It surprised me to discover that, according to Ofcom, no less than 80% of all payday loan advertisements are shown before the watershed. It is therefore no surprise—to pick up on some of the statistics that the noble Lord, Lord Alton, mentioned—that the Children’s Society found in its survey that over half of all children aged 10 to 17 reckon that they see payday loan advertisements either “often” or “all the time”. It is the sheer quantity of these advertisements that normalises payday loans for children and young people. The research shows that one-third of all teenagers think that the payday loan adverts themselves are tempting and exciting—they are very well designed. Those teenagers are much more likely than their counterparts to say that they would consider taking out a payday loan in the future. Continue reading “Bishop of Norwich supports ban on pre-watershed payday loan advertising”
On 13th May 2014, the Rt Revd Alan Smith, Bishop of St Albans, received answers to written questions on petroleum gas and oil, consumer credit advertising, and Iran.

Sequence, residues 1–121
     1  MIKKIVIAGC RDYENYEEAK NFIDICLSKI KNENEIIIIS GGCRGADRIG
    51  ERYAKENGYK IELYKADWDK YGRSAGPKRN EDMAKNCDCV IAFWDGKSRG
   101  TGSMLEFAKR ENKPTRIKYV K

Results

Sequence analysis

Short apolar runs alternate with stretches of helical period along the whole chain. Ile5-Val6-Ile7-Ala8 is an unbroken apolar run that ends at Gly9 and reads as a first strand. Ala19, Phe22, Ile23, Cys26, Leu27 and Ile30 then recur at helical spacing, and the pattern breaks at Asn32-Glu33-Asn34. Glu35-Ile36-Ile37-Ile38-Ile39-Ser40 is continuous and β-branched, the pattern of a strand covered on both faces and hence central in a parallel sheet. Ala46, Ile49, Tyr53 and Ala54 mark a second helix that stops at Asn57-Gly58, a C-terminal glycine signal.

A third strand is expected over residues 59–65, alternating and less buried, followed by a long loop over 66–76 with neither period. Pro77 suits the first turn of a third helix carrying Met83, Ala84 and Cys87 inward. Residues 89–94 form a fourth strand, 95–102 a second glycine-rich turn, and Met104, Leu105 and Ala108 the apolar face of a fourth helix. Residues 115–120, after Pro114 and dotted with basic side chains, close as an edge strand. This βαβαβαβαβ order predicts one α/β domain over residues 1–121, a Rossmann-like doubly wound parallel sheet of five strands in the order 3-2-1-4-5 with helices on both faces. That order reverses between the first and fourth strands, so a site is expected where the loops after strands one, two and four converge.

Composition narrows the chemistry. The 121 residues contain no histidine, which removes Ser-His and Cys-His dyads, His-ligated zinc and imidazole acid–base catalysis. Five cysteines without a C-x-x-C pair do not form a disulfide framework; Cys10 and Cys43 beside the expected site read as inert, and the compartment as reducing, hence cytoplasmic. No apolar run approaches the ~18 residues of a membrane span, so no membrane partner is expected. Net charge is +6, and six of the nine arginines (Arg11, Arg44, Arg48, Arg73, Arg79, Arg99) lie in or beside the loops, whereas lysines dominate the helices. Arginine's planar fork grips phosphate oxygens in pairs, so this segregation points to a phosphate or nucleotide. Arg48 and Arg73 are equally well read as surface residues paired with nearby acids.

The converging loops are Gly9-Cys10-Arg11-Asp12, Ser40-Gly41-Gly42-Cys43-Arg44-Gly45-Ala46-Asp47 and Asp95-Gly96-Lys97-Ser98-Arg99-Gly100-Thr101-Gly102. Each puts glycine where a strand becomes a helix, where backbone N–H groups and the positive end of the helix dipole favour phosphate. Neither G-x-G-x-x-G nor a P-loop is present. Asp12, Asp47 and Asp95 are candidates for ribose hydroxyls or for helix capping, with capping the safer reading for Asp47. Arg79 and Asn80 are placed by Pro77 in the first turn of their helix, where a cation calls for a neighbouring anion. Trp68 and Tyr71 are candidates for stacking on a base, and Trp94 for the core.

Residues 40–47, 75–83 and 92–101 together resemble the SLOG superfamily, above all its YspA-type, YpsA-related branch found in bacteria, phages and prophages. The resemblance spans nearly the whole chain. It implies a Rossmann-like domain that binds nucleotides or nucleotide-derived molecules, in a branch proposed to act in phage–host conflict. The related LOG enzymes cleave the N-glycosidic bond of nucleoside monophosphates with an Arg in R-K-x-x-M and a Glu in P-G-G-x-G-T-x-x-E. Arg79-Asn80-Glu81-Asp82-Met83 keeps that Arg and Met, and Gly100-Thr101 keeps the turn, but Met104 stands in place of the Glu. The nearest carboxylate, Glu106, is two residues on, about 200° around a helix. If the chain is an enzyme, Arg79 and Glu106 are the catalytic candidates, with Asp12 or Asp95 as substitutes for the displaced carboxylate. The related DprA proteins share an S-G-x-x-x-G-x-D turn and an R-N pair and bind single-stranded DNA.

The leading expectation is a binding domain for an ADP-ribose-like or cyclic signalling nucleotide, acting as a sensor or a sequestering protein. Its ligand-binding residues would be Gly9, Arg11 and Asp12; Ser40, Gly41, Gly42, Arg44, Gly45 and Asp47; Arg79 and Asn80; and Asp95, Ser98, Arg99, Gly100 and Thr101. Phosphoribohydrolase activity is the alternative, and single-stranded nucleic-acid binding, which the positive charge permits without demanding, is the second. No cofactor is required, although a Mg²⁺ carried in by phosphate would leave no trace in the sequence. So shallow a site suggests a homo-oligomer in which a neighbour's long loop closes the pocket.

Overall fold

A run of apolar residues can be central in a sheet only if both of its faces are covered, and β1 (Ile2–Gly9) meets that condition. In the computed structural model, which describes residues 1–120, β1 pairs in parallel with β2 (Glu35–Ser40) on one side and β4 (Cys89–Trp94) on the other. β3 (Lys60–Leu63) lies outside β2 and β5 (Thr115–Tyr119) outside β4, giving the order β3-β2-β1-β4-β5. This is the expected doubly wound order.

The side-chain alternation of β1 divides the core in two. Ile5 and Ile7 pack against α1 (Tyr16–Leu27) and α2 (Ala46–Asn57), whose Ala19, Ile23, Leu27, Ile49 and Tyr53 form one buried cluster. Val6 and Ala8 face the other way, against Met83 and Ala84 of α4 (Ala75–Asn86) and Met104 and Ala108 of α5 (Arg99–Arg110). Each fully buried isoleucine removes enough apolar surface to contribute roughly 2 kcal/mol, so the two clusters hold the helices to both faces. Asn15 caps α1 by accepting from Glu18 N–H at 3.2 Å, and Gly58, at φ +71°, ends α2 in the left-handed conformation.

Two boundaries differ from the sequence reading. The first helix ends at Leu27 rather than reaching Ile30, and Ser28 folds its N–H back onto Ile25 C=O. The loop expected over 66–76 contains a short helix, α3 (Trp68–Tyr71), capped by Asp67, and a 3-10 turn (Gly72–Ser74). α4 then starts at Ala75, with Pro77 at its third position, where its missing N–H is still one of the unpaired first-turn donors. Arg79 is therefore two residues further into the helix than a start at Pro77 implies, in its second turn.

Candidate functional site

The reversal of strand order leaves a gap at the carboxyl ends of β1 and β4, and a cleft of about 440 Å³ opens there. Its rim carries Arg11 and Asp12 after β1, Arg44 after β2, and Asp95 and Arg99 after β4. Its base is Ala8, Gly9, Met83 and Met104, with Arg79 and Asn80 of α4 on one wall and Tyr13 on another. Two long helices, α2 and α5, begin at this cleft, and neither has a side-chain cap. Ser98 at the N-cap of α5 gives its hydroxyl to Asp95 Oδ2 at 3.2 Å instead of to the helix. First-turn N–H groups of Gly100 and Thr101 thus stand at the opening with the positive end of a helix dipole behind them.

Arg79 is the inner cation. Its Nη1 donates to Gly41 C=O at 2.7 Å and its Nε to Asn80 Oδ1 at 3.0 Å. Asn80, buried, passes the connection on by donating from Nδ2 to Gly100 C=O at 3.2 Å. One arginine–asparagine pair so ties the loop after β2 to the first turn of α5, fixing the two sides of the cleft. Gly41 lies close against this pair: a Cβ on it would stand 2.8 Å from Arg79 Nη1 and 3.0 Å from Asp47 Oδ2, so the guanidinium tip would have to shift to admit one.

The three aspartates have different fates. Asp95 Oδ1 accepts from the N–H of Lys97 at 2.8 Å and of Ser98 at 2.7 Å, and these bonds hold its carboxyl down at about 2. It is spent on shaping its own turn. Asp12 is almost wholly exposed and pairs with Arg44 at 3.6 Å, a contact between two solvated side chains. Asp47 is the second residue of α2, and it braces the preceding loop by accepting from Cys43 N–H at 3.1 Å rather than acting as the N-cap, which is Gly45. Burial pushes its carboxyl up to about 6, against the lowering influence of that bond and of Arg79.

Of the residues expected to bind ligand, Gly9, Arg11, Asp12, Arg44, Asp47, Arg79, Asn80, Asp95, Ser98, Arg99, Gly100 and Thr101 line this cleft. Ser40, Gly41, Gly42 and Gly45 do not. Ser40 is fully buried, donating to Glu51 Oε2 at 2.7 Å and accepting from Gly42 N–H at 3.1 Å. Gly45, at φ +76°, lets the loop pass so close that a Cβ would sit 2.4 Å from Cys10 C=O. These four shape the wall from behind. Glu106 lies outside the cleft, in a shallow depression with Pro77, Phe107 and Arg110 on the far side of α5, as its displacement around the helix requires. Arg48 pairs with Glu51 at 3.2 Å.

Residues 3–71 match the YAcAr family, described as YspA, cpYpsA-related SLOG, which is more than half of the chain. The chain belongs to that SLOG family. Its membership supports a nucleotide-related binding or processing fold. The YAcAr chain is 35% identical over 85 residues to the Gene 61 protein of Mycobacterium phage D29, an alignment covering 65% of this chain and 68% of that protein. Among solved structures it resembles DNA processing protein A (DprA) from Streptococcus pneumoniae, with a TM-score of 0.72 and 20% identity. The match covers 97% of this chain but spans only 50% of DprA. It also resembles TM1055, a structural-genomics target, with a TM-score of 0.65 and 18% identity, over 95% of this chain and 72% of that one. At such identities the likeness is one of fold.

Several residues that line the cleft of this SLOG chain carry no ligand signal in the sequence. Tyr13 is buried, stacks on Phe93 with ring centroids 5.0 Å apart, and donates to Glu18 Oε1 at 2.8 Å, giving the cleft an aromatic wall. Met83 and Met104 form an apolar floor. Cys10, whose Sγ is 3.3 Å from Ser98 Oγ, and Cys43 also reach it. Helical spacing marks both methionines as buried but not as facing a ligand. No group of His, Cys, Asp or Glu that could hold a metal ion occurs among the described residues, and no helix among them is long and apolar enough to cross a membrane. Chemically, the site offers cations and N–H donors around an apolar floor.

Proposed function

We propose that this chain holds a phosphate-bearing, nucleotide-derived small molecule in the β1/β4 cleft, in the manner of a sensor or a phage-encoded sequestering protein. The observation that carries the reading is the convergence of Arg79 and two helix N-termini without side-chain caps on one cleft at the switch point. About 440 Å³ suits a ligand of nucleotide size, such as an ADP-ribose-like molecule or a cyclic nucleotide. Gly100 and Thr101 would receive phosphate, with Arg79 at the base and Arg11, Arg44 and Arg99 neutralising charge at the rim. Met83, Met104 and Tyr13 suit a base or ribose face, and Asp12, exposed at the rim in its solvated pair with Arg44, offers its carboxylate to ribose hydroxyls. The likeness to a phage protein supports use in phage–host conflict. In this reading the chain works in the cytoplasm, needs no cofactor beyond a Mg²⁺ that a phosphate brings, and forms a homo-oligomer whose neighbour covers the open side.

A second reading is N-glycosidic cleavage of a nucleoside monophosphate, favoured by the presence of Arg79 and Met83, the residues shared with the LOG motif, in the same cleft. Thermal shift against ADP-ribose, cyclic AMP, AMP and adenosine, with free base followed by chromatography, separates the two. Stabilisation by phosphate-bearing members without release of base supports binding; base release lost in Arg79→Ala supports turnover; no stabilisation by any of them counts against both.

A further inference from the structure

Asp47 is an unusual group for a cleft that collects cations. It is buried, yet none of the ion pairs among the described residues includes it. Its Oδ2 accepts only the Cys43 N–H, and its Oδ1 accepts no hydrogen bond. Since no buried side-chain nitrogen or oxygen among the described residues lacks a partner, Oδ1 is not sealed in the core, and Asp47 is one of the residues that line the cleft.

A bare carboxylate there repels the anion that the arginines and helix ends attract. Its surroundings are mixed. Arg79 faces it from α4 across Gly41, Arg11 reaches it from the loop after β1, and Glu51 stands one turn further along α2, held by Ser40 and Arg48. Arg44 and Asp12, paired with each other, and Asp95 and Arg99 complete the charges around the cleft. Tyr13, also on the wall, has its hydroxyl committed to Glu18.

The Lord Bishop of St Albans: To ask Her Majesty’s Government how they intend to ensure the continuing affordability of liquid petroleum gas and oil for those households which are not on mains gas supply.
The Parliamentary Under-Secretary of State, Department of Energy and Climate Change (Baroness Verma): Her Majesty’s Government is acutely aware of the difficulties people have experienced with the price of liquid petroleum gas and heating oil. The price of LPG and oil is influenced by a range of factors, including crude oil prices (the major factor), refinery capacity, stock levels, distribution costs and retail margins.
The Lord Bishop of St Albans: To ask Her Majesty’s Government, in the light of the Ofcom’s publication Trends in Advertising Activity—Payday Loans, published in December 2013, what assessment they have made of the impact on children between four and 15 years old of the number of payday loan advertisements to which they are exposed.
The Lord Bishop of St Albans: To ask Her Majesty’s Government, in the light of Ofcom’s publication Trends in Advertising Activity—Payday Loans published in December 2013, what assessment they have made of the increase in the number of payday loan advertisements watched by children aged four to 15 years old over the past four years; and whether they have any plans to address the situation.